But, even so, the people’s desire for change spread like wildfire. At first, only a few hundred participated in the so-called “Monday demonstrations” in Leipzig. Within a few weeks, that number had ballooned to hundreds of thousands. And similar demonstrations were soon being held in many other cities, as well.
I am telling you this to illustrate my thesis: that, at a certain point and in one way or another, a deterioration of political conditions will eventually give rise to a desire for freedom of opinion, human dignity and fairness.
Newer, faster and more globally networked media forms can speed up this process and exponentially expand the number of people who support such movements in spirit. And they might also play a role in causing regimes to collapse. But these kinds of media forms cannot be catalysts in and of themselves.
Thus, we should be focusing our gaze on the people, the people who take action, the people who rise up against a system after decades of being suppressed, humiliated and deprived of their rights. Indeed, we have every reason to praise the bravery of the mostly young insurgents in the Middle East and North Africa.
As someone who was personally involved in popular movements in the former GDR, I sincerely hope that you will enjoy much success in completing the revolutions in your countries and reshaping their political orders.
Still, the example of the Solidarity movement in Poland shows that setbacks are also possible. This year, on December 13, Poland will mark the 30th anniversary of the suppression of the Solidarity movement and the introduction of martial law.
However, this example from Poland also gives rise to hope because it shows that a movement for freedom can only be suppressed for a short time. Already in 1989, millions more took to the streets in an effort to change the status quo. They shared a single common goal. But what happened after this goal was achieved also shows just how differently people envisioned the shape of the new order to come.
The citizens of Tunisia, Egypt and Libya are now facing similar challenges. They must design a new process of change – one that involves as many people as possible rather than just part of the population, and one that does not exclude members of ethnic or religious minorities or people who hold different political views.
In this process and in the development of an independent media landscape, Europe and the entire Western world can and should offer their support. But, in doing so, Europe shouldn’t take a finger-wagging approach. Of course, it can provide advice, but this should come in the form of presenting the strengths and weaknesses of its own system.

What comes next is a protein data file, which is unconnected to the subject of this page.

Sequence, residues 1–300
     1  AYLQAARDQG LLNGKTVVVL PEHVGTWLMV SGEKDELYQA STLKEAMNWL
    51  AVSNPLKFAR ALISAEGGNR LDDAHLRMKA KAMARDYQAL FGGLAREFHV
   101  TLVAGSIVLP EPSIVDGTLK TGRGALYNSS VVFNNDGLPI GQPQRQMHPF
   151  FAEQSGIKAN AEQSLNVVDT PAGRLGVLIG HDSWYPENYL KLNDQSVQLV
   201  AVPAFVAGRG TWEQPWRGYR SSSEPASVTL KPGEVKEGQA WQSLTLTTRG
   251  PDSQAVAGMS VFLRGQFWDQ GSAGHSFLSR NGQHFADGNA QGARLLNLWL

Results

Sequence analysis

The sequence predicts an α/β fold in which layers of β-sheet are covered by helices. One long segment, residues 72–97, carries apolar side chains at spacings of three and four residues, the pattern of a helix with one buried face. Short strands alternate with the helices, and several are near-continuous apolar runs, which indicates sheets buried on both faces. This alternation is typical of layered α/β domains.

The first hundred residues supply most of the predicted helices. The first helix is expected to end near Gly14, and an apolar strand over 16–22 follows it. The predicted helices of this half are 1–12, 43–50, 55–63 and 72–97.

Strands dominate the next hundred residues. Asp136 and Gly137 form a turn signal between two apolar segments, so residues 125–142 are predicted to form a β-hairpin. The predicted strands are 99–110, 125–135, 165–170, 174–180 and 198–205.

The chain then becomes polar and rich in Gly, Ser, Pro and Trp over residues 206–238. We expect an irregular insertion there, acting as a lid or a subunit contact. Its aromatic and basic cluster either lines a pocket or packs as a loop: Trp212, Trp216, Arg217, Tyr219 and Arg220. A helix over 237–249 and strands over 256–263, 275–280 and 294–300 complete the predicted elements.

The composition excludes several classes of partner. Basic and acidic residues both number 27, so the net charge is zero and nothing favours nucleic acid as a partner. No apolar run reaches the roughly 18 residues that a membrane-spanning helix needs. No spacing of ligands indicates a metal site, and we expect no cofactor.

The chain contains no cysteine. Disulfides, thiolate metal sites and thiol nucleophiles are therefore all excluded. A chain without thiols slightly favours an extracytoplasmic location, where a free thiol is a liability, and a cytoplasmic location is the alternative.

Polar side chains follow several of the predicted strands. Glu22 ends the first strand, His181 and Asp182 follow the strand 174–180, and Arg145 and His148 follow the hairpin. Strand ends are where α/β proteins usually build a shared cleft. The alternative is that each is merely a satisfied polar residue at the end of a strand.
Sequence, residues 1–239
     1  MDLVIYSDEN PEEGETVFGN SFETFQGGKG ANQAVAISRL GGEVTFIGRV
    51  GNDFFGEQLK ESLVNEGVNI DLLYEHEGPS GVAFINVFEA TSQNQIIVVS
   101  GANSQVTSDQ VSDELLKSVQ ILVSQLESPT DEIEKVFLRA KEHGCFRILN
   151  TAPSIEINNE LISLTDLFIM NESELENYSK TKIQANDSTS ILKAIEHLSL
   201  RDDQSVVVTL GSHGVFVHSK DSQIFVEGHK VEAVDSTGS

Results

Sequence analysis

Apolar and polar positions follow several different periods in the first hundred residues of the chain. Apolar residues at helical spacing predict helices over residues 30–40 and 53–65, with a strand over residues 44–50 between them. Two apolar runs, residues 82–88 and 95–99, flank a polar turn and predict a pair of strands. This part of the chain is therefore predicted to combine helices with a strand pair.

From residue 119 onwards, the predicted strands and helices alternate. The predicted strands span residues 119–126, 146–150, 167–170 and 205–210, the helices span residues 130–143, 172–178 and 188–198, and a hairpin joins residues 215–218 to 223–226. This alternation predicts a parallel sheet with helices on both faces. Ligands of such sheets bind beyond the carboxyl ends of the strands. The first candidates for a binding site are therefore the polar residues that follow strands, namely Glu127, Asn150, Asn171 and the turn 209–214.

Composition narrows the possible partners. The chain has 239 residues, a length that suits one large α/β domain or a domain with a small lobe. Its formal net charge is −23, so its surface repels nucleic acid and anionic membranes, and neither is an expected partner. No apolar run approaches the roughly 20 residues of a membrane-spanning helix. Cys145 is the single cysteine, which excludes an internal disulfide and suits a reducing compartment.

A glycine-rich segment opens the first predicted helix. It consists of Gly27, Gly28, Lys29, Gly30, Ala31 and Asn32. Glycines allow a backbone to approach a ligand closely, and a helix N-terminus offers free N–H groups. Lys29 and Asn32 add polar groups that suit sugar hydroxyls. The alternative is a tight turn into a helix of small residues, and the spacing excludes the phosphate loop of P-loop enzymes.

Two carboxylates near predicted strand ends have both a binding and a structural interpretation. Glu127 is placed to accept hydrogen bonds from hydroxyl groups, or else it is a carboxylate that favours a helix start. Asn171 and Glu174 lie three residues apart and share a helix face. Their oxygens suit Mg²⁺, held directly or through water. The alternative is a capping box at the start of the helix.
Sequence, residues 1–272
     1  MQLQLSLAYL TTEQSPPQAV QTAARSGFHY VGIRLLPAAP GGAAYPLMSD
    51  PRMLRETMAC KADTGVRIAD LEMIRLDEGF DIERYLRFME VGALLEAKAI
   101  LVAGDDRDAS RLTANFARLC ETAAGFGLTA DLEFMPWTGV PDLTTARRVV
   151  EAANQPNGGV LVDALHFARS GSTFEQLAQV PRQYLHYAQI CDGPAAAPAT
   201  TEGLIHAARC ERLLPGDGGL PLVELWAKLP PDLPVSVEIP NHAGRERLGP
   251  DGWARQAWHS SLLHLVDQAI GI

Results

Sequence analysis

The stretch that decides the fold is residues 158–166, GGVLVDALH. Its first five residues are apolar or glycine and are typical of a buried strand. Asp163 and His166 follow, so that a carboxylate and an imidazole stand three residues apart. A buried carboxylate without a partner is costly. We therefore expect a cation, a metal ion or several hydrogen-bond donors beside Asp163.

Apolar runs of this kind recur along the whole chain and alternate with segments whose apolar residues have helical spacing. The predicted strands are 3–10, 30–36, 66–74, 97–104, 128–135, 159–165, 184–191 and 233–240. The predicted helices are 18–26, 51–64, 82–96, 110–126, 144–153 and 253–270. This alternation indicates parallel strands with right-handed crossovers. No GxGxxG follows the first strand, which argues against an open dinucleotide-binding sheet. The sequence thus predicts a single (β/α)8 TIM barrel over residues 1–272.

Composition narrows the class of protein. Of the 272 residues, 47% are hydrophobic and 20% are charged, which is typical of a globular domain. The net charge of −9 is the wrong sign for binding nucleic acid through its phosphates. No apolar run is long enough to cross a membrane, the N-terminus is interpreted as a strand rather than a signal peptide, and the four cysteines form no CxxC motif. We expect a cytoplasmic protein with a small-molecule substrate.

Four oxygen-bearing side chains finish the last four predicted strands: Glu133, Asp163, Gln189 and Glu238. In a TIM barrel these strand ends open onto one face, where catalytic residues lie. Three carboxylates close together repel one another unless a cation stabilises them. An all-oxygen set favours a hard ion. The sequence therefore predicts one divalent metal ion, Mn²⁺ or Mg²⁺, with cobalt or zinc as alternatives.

Indeed, it won’t work to just superimpose cultural values and traditions that are foreign. One should also not lose sight of the fact that people in North Africa will initially have much more pressing issues to worry about than freedom of the press.
What’s more, we should also remember that the European Union itself has some deficiencies when it comes to such freedoms. Granted, countries that would like to become members of the EU must accept its Charter of Fundamental Rights. But, as soon as they become a member, they enjoy a considerable degree of autonomy when it comes to cultural issues. Indeed, I get very worried when I think about things such as the media laws recently enacted in Hungary.
Given these circumstances, I would at least be careful in answering the question of whether Europe – that is, the European Union – can serve as a model for the establishment of freedom of the press in Egypt, Tunisia or Libya.
Whether they are new or already enjoy a long history, democracy and media are not joined in an unbreakable symbiotic relationship. Authoritarian regimes can also use the media to pursue their own goals. The case of China, for example, shows how a country can put constraints upon Internet use. And, lastly, means of communication can also be monitored, and information manipulated.
Today’s conference aims to throw some light on the complexity of the relations between those in the media and those attempting to design new political orders. I hope your discussions will be both stimulating and informative. And I look forward to seeing you next year – right here in beautiful Potsdam!